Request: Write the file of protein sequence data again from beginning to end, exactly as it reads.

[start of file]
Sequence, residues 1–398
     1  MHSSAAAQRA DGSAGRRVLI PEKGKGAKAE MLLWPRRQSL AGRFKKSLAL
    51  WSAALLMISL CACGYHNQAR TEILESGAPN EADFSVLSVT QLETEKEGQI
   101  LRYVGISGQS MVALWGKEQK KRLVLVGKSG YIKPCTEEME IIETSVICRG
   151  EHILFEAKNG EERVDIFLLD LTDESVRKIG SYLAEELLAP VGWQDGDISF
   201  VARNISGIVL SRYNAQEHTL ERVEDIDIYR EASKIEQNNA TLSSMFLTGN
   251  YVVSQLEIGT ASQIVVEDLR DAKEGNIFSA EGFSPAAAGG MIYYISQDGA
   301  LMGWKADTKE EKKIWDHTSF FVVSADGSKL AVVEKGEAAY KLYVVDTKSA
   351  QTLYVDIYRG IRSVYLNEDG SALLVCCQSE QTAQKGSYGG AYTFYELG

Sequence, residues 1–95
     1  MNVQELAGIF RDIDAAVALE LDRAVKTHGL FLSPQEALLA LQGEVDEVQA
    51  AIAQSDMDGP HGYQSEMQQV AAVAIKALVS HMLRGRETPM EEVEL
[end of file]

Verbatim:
Sequence, residues 1–398
     1  MHSSAAAQRA DGSAGRRVLI PEKGKGAKAE MLLWPRRQSL AGRFKKSLAL
    51  WSAALLMISL CACGYHNQAR TEILESGAPN EADFSVLSVT QLETEKEGQI
   101  LRYVGISGQS MVALWGKEQK KRLVLVGKSG YIKPCTEEME IIETSVICRG
   151  EHILFEAKNG EERVDIFLLD LTDESVRKIG SYLAEELLAP VGWQDGDISF
   201  VARNISGIVL SRYNAQEHTL ERVEDIDIYR EASKIEQNNA TLSSMFLTGN
   251  YVVSQLEIGT ASQIVVEDLR DAKEGNIFSA EGFSPAAAGG MIYYISQDGA
   301  LMGWKADTKE EKKIWDHTSF FVVSADGSKL AVVEKGEAAY KLYVVDTKSA
   351  QTLYVDIYRG IRSVYLNEDG SALLVCCQSE QTAQKGSYGG AYTFYELG

Sequence, residues 1–95
     1  MNVQELAGIF RDIDAAVALE LDRAVKTHGL FLSPQEALLA LQGEVDEVQA
    51  AIAQSDMDGP HGYQSEMQQV AAVAIKALVS HMLRGRETPM EEVEL